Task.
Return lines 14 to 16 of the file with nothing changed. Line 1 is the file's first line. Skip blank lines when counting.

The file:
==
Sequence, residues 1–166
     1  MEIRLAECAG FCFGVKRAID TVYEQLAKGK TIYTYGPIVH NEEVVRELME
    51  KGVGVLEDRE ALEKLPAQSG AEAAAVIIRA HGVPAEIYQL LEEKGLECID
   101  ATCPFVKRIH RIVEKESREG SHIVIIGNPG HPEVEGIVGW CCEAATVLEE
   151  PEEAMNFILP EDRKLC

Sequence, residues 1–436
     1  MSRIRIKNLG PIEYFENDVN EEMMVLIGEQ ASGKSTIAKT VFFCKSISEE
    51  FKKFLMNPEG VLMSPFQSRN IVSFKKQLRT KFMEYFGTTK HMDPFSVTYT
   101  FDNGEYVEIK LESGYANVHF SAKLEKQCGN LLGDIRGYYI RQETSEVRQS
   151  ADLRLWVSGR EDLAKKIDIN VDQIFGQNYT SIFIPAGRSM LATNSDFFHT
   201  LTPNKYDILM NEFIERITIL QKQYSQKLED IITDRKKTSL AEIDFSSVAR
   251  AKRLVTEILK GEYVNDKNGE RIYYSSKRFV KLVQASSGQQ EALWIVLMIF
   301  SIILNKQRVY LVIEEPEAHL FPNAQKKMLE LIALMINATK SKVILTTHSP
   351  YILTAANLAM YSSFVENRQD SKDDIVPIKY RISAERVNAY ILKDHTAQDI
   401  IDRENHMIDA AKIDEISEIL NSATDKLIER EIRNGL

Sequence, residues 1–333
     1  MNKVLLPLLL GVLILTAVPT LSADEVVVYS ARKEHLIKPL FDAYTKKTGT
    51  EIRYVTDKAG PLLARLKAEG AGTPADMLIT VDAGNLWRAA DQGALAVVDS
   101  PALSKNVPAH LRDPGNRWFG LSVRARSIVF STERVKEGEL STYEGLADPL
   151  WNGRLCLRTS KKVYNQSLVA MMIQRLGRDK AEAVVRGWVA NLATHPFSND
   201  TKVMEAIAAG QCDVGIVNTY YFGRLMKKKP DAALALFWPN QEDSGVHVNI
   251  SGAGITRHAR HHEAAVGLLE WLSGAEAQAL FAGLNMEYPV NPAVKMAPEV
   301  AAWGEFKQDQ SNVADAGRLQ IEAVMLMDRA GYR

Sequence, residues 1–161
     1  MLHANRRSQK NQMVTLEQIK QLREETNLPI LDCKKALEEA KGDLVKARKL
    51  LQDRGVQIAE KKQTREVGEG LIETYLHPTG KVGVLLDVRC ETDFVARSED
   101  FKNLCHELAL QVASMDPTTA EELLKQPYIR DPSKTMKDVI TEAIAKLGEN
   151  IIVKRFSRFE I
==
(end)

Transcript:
   351  YILTAANLAM YSSFVENRQD SKDDIVPIKY RISAERVNAY ILKDHTAQDI
   401  IDRENHMIDA AKIDEISEIL NSATDKLIER EIRNGL

Sequence, residues 1–333